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Savannah daily republican. (Savannah, Ga.) 1818-1824, February 17, 1824, Image 2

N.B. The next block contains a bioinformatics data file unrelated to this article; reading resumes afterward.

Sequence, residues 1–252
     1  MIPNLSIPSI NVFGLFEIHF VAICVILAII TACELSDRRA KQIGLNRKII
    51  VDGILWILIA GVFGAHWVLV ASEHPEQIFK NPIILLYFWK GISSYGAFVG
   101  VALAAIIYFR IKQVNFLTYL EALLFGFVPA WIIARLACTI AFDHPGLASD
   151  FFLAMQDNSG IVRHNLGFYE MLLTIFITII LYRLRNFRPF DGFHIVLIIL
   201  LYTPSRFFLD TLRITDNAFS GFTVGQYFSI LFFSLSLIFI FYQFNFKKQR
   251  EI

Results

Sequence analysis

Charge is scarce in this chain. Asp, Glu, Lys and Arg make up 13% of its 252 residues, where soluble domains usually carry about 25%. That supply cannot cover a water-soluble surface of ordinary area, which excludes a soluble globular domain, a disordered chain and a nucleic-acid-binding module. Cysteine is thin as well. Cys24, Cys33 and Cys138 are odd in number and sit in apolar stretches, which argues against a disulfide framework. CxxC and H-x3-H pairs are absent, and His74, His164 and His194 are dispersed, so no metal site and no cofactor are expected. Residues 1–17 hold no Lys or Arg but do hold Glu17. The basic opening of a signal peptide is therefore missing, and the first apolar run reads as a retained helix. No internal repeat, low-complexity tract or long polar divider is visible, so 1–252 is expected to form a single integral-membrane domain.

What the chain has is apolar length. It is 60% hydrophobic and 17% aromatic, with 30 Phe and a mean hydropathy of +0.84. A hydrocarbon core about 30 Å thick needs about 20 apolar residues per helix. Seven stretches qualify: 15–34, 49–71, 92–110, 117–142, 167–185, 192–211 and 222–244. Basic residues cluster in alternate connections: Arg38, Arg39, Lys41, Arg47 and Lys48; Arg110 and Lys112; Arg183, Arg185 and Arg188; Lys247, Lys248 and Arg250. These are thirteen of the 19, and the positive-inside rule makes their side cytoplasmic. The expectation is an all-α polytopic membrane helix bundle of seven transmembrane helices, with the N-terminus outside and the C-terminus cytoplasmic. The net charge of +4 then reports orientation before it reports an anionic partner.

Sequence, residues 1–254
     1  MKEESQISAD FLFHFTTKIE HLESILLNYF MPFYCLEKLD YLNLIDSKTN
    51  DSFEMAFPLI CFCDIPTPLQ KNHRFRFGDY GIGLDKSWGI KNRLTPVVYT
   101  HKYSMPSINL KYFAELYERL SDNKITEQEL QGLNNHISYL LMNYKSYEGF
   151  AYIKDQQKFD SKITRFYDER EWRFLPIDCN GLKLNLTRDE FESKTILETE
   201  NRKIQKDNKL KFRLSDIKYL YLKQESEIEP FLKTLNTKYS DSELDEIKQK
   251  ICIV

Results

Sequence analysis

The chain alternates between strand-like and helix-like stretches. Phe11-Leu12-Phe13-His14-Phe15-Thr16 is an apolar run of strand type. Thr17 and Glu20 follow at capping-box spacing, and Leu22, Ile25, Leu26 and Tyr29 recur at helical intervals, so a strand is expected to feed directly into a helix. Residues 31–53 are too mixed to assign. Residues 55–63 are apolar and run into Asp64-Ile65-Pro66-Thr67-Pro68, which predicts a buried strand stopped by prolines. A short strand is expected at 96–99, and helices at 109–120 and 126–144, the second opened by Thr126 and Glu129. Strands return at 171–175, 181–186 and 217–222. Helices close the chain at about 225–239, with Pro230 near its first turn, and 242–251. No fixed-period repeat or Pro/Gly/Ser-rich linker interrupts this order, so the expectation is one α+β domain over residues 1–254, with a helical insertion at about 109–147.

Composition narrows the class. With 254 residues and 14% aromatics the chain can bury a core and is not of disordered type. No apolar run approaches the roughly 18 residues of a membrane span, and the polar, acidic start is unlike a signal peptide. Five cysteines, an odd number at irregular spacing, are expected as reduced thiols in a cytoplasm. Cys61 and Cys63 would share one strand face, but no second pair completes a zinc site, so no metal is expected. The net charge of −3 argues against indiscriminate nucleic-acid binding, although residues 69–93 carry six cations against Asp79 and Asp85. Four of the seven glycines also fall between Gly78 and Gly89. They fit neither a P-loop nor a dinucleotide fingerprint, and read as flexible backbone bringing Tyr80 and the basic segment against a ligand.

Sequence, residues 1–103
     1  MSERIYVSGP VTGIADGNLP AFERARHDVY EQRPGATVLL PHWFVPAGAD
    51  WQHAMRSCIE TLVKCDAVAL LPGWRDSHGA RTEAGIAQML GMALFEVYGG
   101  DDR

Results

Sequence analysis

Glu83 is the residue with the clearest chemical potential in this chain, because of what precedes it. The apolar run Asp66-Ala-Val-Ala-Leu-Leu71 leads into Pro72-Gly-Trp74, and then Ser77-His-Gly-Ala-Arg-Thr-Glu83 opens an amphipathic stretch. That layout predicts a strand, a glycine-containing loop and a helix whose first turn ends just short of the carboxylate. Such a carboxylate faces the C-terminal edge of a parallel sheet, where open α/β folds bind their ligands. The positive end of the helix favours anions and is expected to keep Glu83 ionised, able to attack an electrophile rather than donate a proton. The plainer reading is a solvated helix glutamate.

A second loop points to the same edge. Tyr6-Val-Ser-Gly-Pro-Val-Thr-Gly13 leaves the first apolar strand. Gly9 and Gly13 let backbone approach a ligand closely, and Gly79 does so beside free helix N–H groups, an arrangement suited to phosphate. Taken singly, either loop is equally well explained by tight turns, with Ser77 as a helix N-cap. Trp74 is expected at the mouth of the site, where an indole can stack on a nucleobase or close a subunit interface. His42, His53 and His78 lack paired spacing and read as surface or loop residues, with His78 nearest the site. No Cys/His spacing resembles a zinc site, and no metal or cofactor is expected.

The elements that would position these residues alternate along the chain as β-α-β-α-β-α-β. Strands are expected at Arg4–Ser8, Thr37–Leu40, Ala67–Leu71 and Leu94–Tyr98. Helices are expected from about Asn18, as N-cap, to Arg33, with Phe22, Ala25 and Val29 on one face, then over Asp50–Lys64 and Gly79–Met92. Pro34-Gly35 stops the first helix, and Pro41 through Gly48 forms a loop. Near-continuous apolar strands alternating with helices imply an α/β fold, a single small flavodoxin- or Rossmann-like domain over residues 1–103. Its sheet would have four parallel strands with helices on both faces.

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FREDERICK S. FELL c.rr» rniimn. SA'?A.WW.4iBt 5 TUliSDAY UVUNING, FE.nnuAnr if, 1324. rw Or Saturday 14th inst. the following gentlemen von elected Directors of the Jltaring and rite futumnea Company, In this city. George Schley, Joseph Cumminer. Nornvm Wallace, Jor.ob Willcox, Robert Scott) William Davies, F II. Welmfn, Ami vesterlny Gkouse Sen let, Esq. was t-C elect <M t’resklent. The Hon, .Tames t.t.oin of Boston, now a Sens, fir in Congress, his been nominated ss a suitable person to fill the office of Governor of Massuc'iu *~u*. 4 ■ Accounts fr«tn St. Louis of, the 13’lt nit. state that Gen. ATRissnff, nn hearing of the murders fc.imnilt*ed by the Indians on the Arkansas, dis . fiatch»tl an officer, to Col! Aunu nf.n, command. .1 ig the troops at Fort Smith, on that river, with Stpecial in.tntclions on the subject. It is also stated that a letter has been received f o n Col Leavenworth, at Council Hlulf, gi-ing rn account of an att -ck on a parly of hunters near fie Mun.Jsn villages,^by the Maudlins or Auricka- rces three of whom were kilh-d The Auri’cka- Fees n>e building two towns on each side of the Missouri, near Cannon Ball river. Fro rnintmx* has betn convicted in New Ha r jn of aiding and assisting In removing a body l.-am the place of interment in a luighboring town, tti the Medical Co.lage, A splendid b ill in aid of the Greek fund was given in Baltimore on the 5th inst. The rooms were splendidly ami appropriately decorated,ami the company very numerous. Among the stran. gers present was M : Gal..ati v.Gen. Dkvkiieue, M’the Colombian Hrnubpc, and Mr. Morat, sou of the In'c- King of Naples. Previous fo the commencement orthe dancesphe i iterebting ceremony took place, of crowning the bust of Buzz trios, in which the venerable Mr GzanoLL, ofCarroiton, one of the three suivivin.L- sutners of the Declaration of Independence, and u Greek lloy, of 10 years of age, uretied iu the Grecian costume, assisted. run Tits iirunAK nsrvBst 'AW. . TO THF. CITIZENS OF SCU1VBN COUNTY T'kluiw CtT.ZKsa, I had hoped Hut after having so long enjoyed your confidence in the various publlfc offices to which your independent suffrages had called ms, that in my declining years 1 should be cheered with tile sole reward my heart has ever craved— the approbation of my constituents, and the com vciousnesz of having deserved it. It has been of ten remarked that a successful candidate fur puli* lie favor pays a dear price for his elevation—" en ay, hatred and alt unchari’.abteness” are consider* ed the sure attendants upon his advancement, mocking lijs anticipation. and marring his efforts. But my lot had heretofore been mare fortunate— the kindness of my fellow citizens appeared so unanimous and unequivocal that even calumny did not taint me, and it lias been reserved for the moment when I was shout retiring from the'enrts “of public life, to accuse me of treachery the most Jjase towards those whose favors and confidence 'Lave for twenty years been lavi-hed upon me. There is something so mon trous in the accu sation—it conveys a character of turpitude to deep, that it would appear almost incredible that such a charge should be made without founda tion. Yet you, my fellow citizens, knbw that such a charge has been made against me, and it has become a duty which I owe equally to you as to myself to prove It is wholly groundless. The charge !* contained in the following letter from Mr. Swain a senator in the last legislature from Emanuel county to Col. Blackman, a citizen of d riven county. Copy of a letter font Stephen Swain, Senator from Emanuel, to Cot Blackman, of Scriven CotfiUy.^ Dear Sir—( with pleasure take this opportune ty to inform you that 1 am well and family the last 1 heard from them. I saw Mr. Yong who inform- . cd me that he bilieved that you and yours was all w ell, Sir 1 hope that this will find you and all yours in perfect health with ail your friends an.l r.righ bourn, Sir I have to regret the loss, of just such men that have served with from your bounty, for if ever .the service was needed It is now for party spirit seems so high that it almost settles every question we take almost local or general it makes a cry little odds Sir—I cant omit giving you some detail of the conduct of yw S.nator who appears to be a great advocate of Talbot ^ntil he voted but was discovered in his deception aAd after wards tried to clear himself of it but it was so plain that he gave R up but there is very little doubt with a great number of us but what he got well paid for bis vote by Eleazer Early drew one thousand dollars from the hank, while here I ' liardly think he wanted all that to bear his expen sea to Savannah but be it as it may. Sir I think perhaps you never saw is hard electioneering as was here for Governor we have some Floyd from theses coast and Eleasrsr Early from Savannah, Cummings and Wild from Augusta, Forsyth from the city of W'a6hington. Judge Harris, Ju.lge Shorter,Judge Longstreet and a letter from Judge Glaiton. all now to ’do what they could against Talbot and finally cast by four votes and it got by intrigue. Sir 1 cunt write as much as I want to talk, bo farewell this from your obedt. hble servt (Signed) STEPHEN SWAIN. To Col. Gvnza BtAcftMAir. It would be useless to make any comments Upon the accusation contained in this letter. It i3 brand and distinct- but I hope I may be ex cused for offeringafsiV remarks that have a collate, ral bearing upon the subject. The dated ' 3oihe considerable time after the election for Go vcfiuir had occurred, and when-the result of it was well know throughout every portion of the state This alone would seem to render a com rouiiication of that fact to vnp correspondent r al together unnecessary. But in rtdditioli to this; 1 state positively that Col. Blackman to whom this, li tter is addressed, -tannin Milledgeville ufter the (JoviTitor't election, anil prior to the date of the let- and he. then had an interview withJUr Swa'nlhevh-itcr. Now according to the usua’ course of'epistolary correspondence, is it to-be supposed that Mr. Swain would in that mode cnmmucat e intelligence to Col. B'arkman of which the latter was already apprised ? Would he re iterate to him by letter, what he had already ffude known to him verbally > Or—can it be suppose, cd that during Col. Blackman's sojourn in Mil ledgevllle, having a free intercourse with liis friend Mr. Swain, no communication of this mo mentous intelligence took place? Fully itself could not err in ila reply. \Vh*t are the conclusions then to be drawn from these circumstances? Is it not evident that this letter was written to accomplish a purpose?— Col. Blackman exhibited it at the last January election in Jacksonboro, to such little groupes as he could covertly collect around him—it was by accident t became apprised of its existence—and it was with the utmost difficulty 1 Could obtain from him a copy of it. To my enquiries respect ing the manner in which he received it, he perti naciously refined to give me any satisfaction—at (edging that he did not knew from whom—or hrw he received it. With this explanation I leave U to my felinw citizens to decide upon the motives which dictate ed ibis letter, and the objects expected to be ac omplished by U* circulation. 1 shall now pro ceed, (and blush with indignation at entering upon so humiliating a duty) to repel the infamous charge that has been preferred against me — Mr. EARLY BRIBED ME TO VOTE FORCOL. TROUP! I cannot write with temper upon so foul a sub ject and shall therefore briefl> prove by the fid- towing testimony of respectable and disinterest ed gentlemen that long before I went to Mdledge- ville, l had declared the manner in which I should ire governed in yielding my vote. The evidence is complete, and connected-commencing with my first assertions, in Savannah, and terminating with the redemption of my pledge there given NO I. Statement of JFm, P Beer*, Reg. Stivannah In October last, in conversation with Huger Mc Kinney, F.j.q. Senator elect of Scriven County u> legislature of Georgia, I alluded to the anxie ty which his friends seemed to manifest ns to hit intentions in regard to the gubernatorial election From his observa ion tie appeared to be sensible nf the doubts existing in their minds as to the vote :<e should give, and in the m»s explicit term, dated to me, tli d lie had an objection to Colonel I’roup one of the candidates, * Inch he, Col. 1'. could alone remove Me at the same time gaie no to understand that previous to the elect in in explanation from Col. Troup i-t gird to this objection, would have weight in his mind to du reel him in his vote. I think it was previous to this private eonvrr. sation, 1 heard him express himseli in similar terms at the City Hotel, in presence of Mr. Ft and others. Signed, WM.P. BEER' Savannah, Jan. 22,1824. S<> II Statement of Samuel M. Bond, F.sq. Savannah, Jan. 22, 1824, Some time previon-to the mef-t ng •. t 1 .- l.e gidature in 1823, (I believe nbout the mid-lie of October last,) Mr. Roger McKinney, at my house said (in relation to the apnroachi -g election of Go vernor) that he liked Go!, Troup, and also Mv. Talbot very well, and on being pressed both by myself and my brother N P. Rond, to declare himself in favor of one or the other candidate, Mi. McKinney suid that he had but one objection to Col Troup, and if Cul, Troup could explain it to his satisfaction or relieve himself of the charge which he (McK.) would bring against him, that he (McK.) would certainly vote for him. If Troup coul I not explain it to his satisfaction, or acquit himself entirely of the charge, tint he would as certainly vote for Talbot: upon which Mr. N. P. Bond refered him person-fly to Col. Troup for satisfaction, or explanation—stating that if Troup could not or would not satisfy Mr. McKinney, or explain to his satisfaction or the subject, we could not desire to have his vote. 1 never have heard what this matter was upon which Mr. McKinney wanted explanation. Signed, S'. « BOND The conversations alluded to in the foregoing, I know to be correct, and that they took place in the house of my brother 8. M Bond, at Savan. nah. s Signed, NATHL. P. BOND. January 22, 1824. NO III. Statement of F S Fell, E*q. a Representative from Chatham County, to the LegtiLture ef 1823. Some time in October 1823, previous to the meeting of the general asse • bly of the S uite of Georgia, I met Koger McKinney, Esq. a Sena, tor elect of the county of Scriven, he being on a visit to Savannah. In a conversation with Mr. McKinney on the apprachmg Gubernatorial con test between Col. Troup and Capt. Talbot, he stated that he liked both of the candidates very well and believed that either of them would make an excellent governor, but to Col. Troup he had one objection, and observed that if it could be cleared up or explained to bis satisfaction that be would vote for tl at gentleman—he also observed that none but Col. T. could satisfy him. What the objection was 1 knew not. Mr. McK. and myself then parted. On my arrival inMilledgeville, two or three days previous to the election for governor, I understood that Mr. McK. bad re ceived an explanation relative to the objection he had advanced against Co). TP, that be was per fectly satisfied with it, and that be declared be would vote for Cot. Troup, and f heard him as sert that he had done a > a few hours after the election for governor was over. Signed, FREDERICK S. FELL. Savannah, Jan. 24,1824. NO IV. Statement of Robert W Pooler, Etq a Repre tentative from Chatham • the legislature o/4823. J l he letter it addreued to a friend of Ro ger McKinney. SavsBRiR, Jan. 30, 1824. Dear Sir—In compliance with your request, I cheerfully impart to you all the information nf which I am in the possession respecting, the con- !uct of Mr. Roger McKinney, the Senator in the last Legislature, from the county of Scriven. 4 few days previous to tey departure fYuin Snvan nah for Millcdgcvillc, l was informed by a frleu'u that Mr.McKinney hail «aid to him when on a Visit to Savannah, that If Col. Troup would explain to h m a circumstance, which had made an unfavora. b!,e imprcssion.on his mind that he would vote for him for the governor of \he state. On my arri val at Milledgeville 1 suggested to the friends of Cul. Troup, and particularly to my colleague Mr. Law, that 1 thought it probable that Mr. McKin ney would vote for Col Troqp.and stated to them my reason for to believing. They differed with me and 1 was dclermed to ascertain whether Mr. McKinney had ever expressed himself so,and if so whether hs was then of the same mind. I met Mr. McKinney, I think a day or two previous to the gubernatorial election, and nude the enquiry, when he informed me that he hud sat d to, that he was itiU of the tame min I—that he intended to af ford Cot Troup, an opportunity of explaining, untf that if he did to to Mi tatitfaelion, he would certain ly vote Jhr him. This statement isgirento the beat of my re collection, and if it contributes to the refutation of the calumnies which have been lavished upon M .McKinney, I shall be highly gratified,as 1 firm ly believe that in giving his vote to Col. Troup, he acted the part of a conscientious and upright man. Respectfully, kc. ROBERT W. TOOLER. J NO V. Statement of Jno McPhcrtnn Berrien, Etq. Sena tor from Chatham County to the Legiilutui e oj '1813. 1 m ike the following statement of facta which C ime within my knowledge at Milledgeville at the request of Mr. McKinney. While the election of the Governor was yet un- determined, it wss communicated to me hat Mr. McKinney hud expressed liis conviction that the qualifications of Col. Troup for that office were greater than those ol Capt Talbot, and that he would be disposed to vote for Col Troup, if his conduct on a former occasion could be satisfacto- rily explained to him, but that without such ex planation, he would vote for Capt. Talbot. Along with this communication, was a statement ot the particulars in Col. Troup’s conduct which Mr. Me- Kinney considered objectionable. I had known Col Troup intimately from early life, and believed him to be inc'tpnble ol the con- duct which was impute t t » him—I determined therefore to afford him an opportunity of correct, ing this misrepresentation. I met Mr. McKinney to ' enquired from him if he had made the decls* ration which had been communicated to me. He • eplied that he had made the declaration since he r.iune to Milledgeville, and also when he was in Savannah. He added that it expressed his real sentiments—that he believed Col. Troup better q-talifitd, and was disposed to vote for him, if this objection were removed by a satisfactory explana tion i but unless this was dune he would vote against him. I then assured him of my entire con viction that Col Troop had been misrepresents, to him, and announced to him my determination *o communicate the atatement to Col. Troup, that he might have an opportunity of correcting thi- misrepresentation He again expressed his will i guess to receive explanation, but did not solicit it. I was afterwards present at an interview be tween Go!. Troup and Mr McKinney, during ‘which Col. I roup gave.the explanation required and Mr. McKinney acknowledged himself satisfiec with it. After this I heard that Mr. McKinney had publicly expressed bis determin tion to vote for Col. Troup- 1 do not pretend to give the words usee., but I have stated the substance of the con versation, and the facts are detailed with accura cy according to the best of my recollection. JNO. MACFHERSON BERRIEN. Savannah 5th February, 1824. It may probably be expected that I should ac count in some manner for the probable causes which urged this systematic attack upon my re putation. 1 confess my: elf at a loss to discover (item. My conscience acquits me of having done intentional injury to any man. There has indeed f«r some years existed a political hostility be. tween Col. Blackman and myself. Mortified am bition sometimes resorts to the most desperate measures to revenge its disappointed hopes.— Such a spirit may have actuated Col. Blackman, but upon this point the simple narrative of tacts that 1 have given affords the best commentary. 1 remain repectfully. Your fellow citizen, ROGER McKINNEY. cial Vocu nexit. NAVAL PEACE ESTABLISHMENT MESSAGE FROM THE PRESIDENT. TotheJIouuofRepmentativetofthe U- State*. Incompliance with a resolution of the House of Representatives, of the 15th ol December last, requesting the President of the United States “to communicate, apian for a Peace Establishment of the Navy of the United States," I herewith transmit • report from the Secretary of the navy which contains the plan required. In presenting this plan to the considers tion of Congress, I avail myself ofthe occa sion to make some remarks on it, which the importance of the subject requires,.and It is to the execution ff tflSe'work* K fkvnttiviphrp inettfiOQ *' l„n,l .1 i * '^Oth to which vie have uelroiG'ur>rr • . i i h wu8 a thorough con luiou’ these truths, derived from the utWnu. °' of the late war, that the year 1816, during the term or JJ lightened and virt'uous predecessor. whom the war had been declared/ cuted, and terminated,.digested, and m provision for the defence^ X cZ? and support of its rights in peace as well 1 in war, by acts, which authorized B nd joined the augmentation of our Naw V prescribed Ijmit, and the construction suitable fortifications thro- ghout the wLi extent of our maritim ever else they might utter, and where denied r ‘ CHARLESTON, Jan. 14. The Columbia Canal is now finished, and several boats were passing through it on the 9th inst. iri presence of th& Superin tendant of Public Works, and a large con course ol the citizens of Columbia and its vicinity, who assembled on the occasion. The Jamaica Royal Gazette of the loth ult. contains a report of the trials ol several of the pirates (T jn number) who had. been arraigned before the Court of Admiralty Sessions, Kingston. Six of the prisoners were found guilty (three of which, however, were Yecommended to mercy)and sentence of death pronounced upon them~the re maining one having.been acquitted. At a numerous Meetingofthe Merchants and Traders of Philadelphia, held in that City on ti.e 4lb inst. a series of resolutions was agreed to in opposition to the Tariff now before Congress. ' Ward Meetings for the appointment ol Delegates, were held in the City of Phila delphia, on the 4th inst. Ten ol the/our. teen Wards, are stated to have elected Delegates favorable to Gen. jAOKBONas the next President ofthe United Slates. ■■ ■ ■■■ Burning in effigy.—The Democratic Press states, that “handbills were posted up in Southwark, inviting a-meeting ofthe ci tizens of that district, at the Commission ers’ Hall, to consider of the propriety of hanging and burning in effigy, William fry, the Publisher, and Robert Walsh, jr. the Editor of the National Gazette, at such time anff place as may be agreed on.” As long as they only burn the effigy of printers they will not grumble much-— There never is a meeting of the tag rags, without denouncing me; and when I happen, by accident-, to be present, I vote against the resolution, and they vote me down, and thus ends the affair pleasantly—-I go on writing, and they goon denouncing. If they burn Walsh ogee or twice, in effigy, they *U! fhfijte him a minister plenipo fiat. /!4x)a, experience justifies. If a system of universal and permanent peace could be established, or if, in wur, the belligerent parties would respect the l ights of neutral powers, we should have no occasion for a navy or an army. The ex pense and dangers of such establishments might be avoided. The history of all ages proves tlvat this cannot be presumed; on the contrary, that at least one half of every cen tury, in ancient as well as modern times, has been consumed in wars, and often oi the most general and desolating characteiv Nor is tiere any cause to infer, if We ex amine the condition of the nations with which we have the most intercourse and strongest political relations, that we shall, in future, be exempt from that calamity, within any period, to which a rational Cal culation may be extended. And, as to.the rights of neutral powers, it is sufficient to appeal to oup own experience ' to demons trate how little regard will be paid to them, whenever they come in conflict with the interests of the powers at wur, while we rely on the justice of our cause and on ar gument alone. The amount ot the proper ty of our fellow-citizens, which wat seized and confiscated, or destroyed, by the belli gerent parties, in the wars of the French revolution, and of those which followed, be fore we became a party to the war, is al most incalculable. The whole movement of our govern ment from the establishment of out inde pendence, has beet; guided by a sacred re gard for peace. Situated as we are, in the new hemisphere; distant from Europe, anti unconnected with its affairs; blessed with the happiest government on earth, and hav ing no objects ol ambition to gratify; the U States huve steadily c. Rivaled the iclati. ns of amity with every power. And if, in any European wars, a reftpect for our rights might be 1 relied on, it was undoubtedly u those to which I have adverted. The con flict being vital, the force being nearh equally balanced, and the result unrertait- each party had the strongest motives of in terest to cultivate our good will, lest w might be thrown into the opposite scab Powerful as this consideration usually is, i was nevertheless utterly disregarded, in a; most every stage of, and by every party-1. those wars. To these encroachments and injuries, our regard for peace was finally forced to yield. In the war to which we at length beepm a party, our whole coast, trom St. Croix t the Mississippi, was cither invaded or m n tced with invasion; and in many part- with a strong imposing- force, both laud and naval. In those parts where the populalin was most dense, the pressure was comp , ratively light; but there was scarcely at harbor or city, on any of our great tiile-.s which could be c/insidcred secure. Nt-v Y'-rk and Philadelphia were eminently cx posed, the then existing works not bcinf> sufficient for their protection. The aam- remark is applicable in a certain extent, i the cities eastward of the former; and as i the condition of the whole country south ward of the lattet, the events which marked the war are too recent to require detail.— Our armies and navy signaiixed themselves in every quarter where they had occasion to meet their gallant loe, and the militia voluntarily flew to their aid, with a patriot ism, and fought with a bravery, which ex alted the reputation of their Government and country, and which did them the high est honor. In whatever direction the ene my chose to move with their squadrons and to land their troops,our fortifications, where any existed, presented but little obstacle to them. They passed those works without difficulty. Their squadrons, in lact, annoy ed our w?iole coast, not of the sea only, but every bay and great river throughout its whole extent. In entering thoseinlets and sailing up them with a small force, the ef fect was disastrous, since it never failed to draw out the whole population on each side, and to keep it in the .field while the squadron remained there. The expense attending this species of defence, with the exposure of the inhabitants, find - the waste of property, may feadily .be conceived. The occurrences which preceded the war, and those which attended it, were alike replete with useful, instruction as to our future policy. Those which mark the first epoch, demonstrate clearly, that’ in the wars of other powers, we can rely .only on force ior the protection of our neutral right. Those ofthe second demonstrate, with equal certainty, that, in any war;in which we may be engaged hereafter, with a strong naval power, the expense, waste, and other calamities, attending It, considering the vast extent of our maritime frontier, cannot fail, unless it be defended by adequate fortifica tions and a suitable naval force, to corres pond with those Which were experienced in the late war. Two great objects are therefore to be regarded in the establishment of an ade quate naval force: the first, to prevent war, so far as it may be practicable; the second to diminish its calamities, when it may be inevitable. Hence, the subject of defence becomes intimately connected, in all its parts, in war and in peace, for the land and at sea. No'government will be disposed, in its wars with other powers, to violate our rights, if it knows wo have the means, are prepared, and resolved to defend them. The motive, will also be diminished, if it knows that our defences by jand are so well planned and executed, that ah. invasion o! our coast cannot be productive of tbe evils land and naval, and under a thorough cm viction that, by hastening their completion I should render the best service to my coun try, and give the most effectual support t» our tree republican system of government that my humble faculties would admit of that I have devoted so much of my f ln Ii and.labor to this great system of national policy, since I came into this office, and shall continue to do it, until my retirement from it, at (he end of your next session. The Navy is the a. m from which on I government will always derive most aid It. supphrt ol our neutral rights. Every p.„ er engaged in war, will know the strength of our naval force, the number or our shin I of each class, their condition, and He | promptitude with which we may bring them into service, and will pay due consideration to that argument. Justice will always hare great weight in the cabinets or Europe, b« in long and destructive wars, exigencies I often occur which press so vitally on them that, snlcss t re argument of force is brought to its aid, it will he disregarded. Our bnd forces will always petTorm their duty in the event of war, but they must perform it on the land. Our navy is the arm which muit be principally relied on for the annoyance of the commerce ofthe enemy, and lor the protection of our own; and also, by co ope. ration with the land forces, for the defence of the country. Capable of moving in in; and every direction, i*. possesses the faculty, even when remote from our coast, ol «. tending its aid to every interest on which the security and welfare of our Union de pend. Annoying the commerce of the en emy, and menacing, in tutn, its const, pro. vided the force on each side is nearly e-1 qually balanced, will draw its squadrons I from our own; and, in case of invasion by i powerful adversary, by a land and Haul force, which'is always: to be anticipated,and I ought to he provided agaihst,ournavym«;,l by like co-operation with our land forcevl render essential aid in protecting our inte-l tor from incursion and depredation. I The great'object, in the event of war, itl to ship the enemy at the coast If this hi * me, our cities, and whole interior, will bel secure For tho accomplishment ol this! object, our fortifications must tie piinciptl-l ly relied on by placing strong works near! the mouths of our great inlets, in such po-r sittons as to command the entrances into I them, as-may’-be d.>ne in many instances,! it will be difficult, if not impossible, forshipJ to puss them, especially if other precautions,I and particularly that of steam batteries, atel resorted to, in their aid. In the wars bc-l tween other powers, into which we may bel drawn, in support of our neutral rights, if cannot be doubted that this defence woulfl l>c adequate to the purpose intended by it; nor can it be doubted, that the Knotvlei'giJ that such works existed,- would lorm i strong motive, with any power, not to it-l vadc our rights, and thereby contribute n-l sentially to prevent war. There are, it »| admitted, some entrances into our interior! which are of such vast extent, that it wuulfff he utterly impossible for any Works, ho*-| ever extensive, or well posted, to comma* them. Of this class, the Chesapeake Ibf! which js an arm of t ie sea, nray be gi'<s| as an example. But, in my |udgrrfl*i *| ven this Bay may be defended against «fl power with whom We may be involved ml war as a third party, in the defence of neutral rights. By erecting strong works| at’ the mouth of James River, on both sii.8 near the Capes, as we are now doing, a™ at Old Point Comfort and the Rip wPj and connecting those Works together »r drains, whenever the enemy’s lorce app« r j ed, placing in the rear some large slMf and steam batteries, the passage .up 1 river would be rendered jo/practicm™ This guard would also^end to protect whole country bordering on Hie bay. rivers emptying into it; as the hazavd w be too great Sir the epemy, however stro' his naval force, to ascend the bay, ano ,ea such a naval force behind; since, in the j ven. of a storm, whereby his vessels ml 8 he separated, or of a calm, the shjp s , a su ;m batteries, behind the works, jW'81 rush forth and destroy them. R cou be in the event of an invasion by a power, or a combination of several p°' v and by land as well as by naval f orc ® s ’ th' se works could; be carried; a 1 ’ 11 ' 1 then, they could not fail to i-eiar l the ment of the enemy into the countty, to give time for the collection of ou gular troops, militia and volunteers, point, and thereby contribute ® s,e J 1 his ultimatrdefeat-and-expulsion Ito territory. ’ p { ,ci Under a str ong impression, that a i Establishment of our Navy » with the possible event of war, ana J Naval force intended lor either SjF' ^ ever small it may be, is connecte ^ general system of public defence,- thought it proper, in communicat ^ report, to gubtqit these remat whole eobjetfr'- jaMES moNBOE Washington Jan, 30, 1824. A VERY IMPORTANT TR U|11 (Edinburgh\RevicwJ ., All commerce is founded on ® j& r „ Treciprocityi and that couti y . iy prosper most, and have ^joa 11 of her greatness beat . iee . ure ,*. u :j, it” ersal.ipeychant,. and *«/* ' world onX r c s V ect k- )/“* r °- cipleb. g ,t: in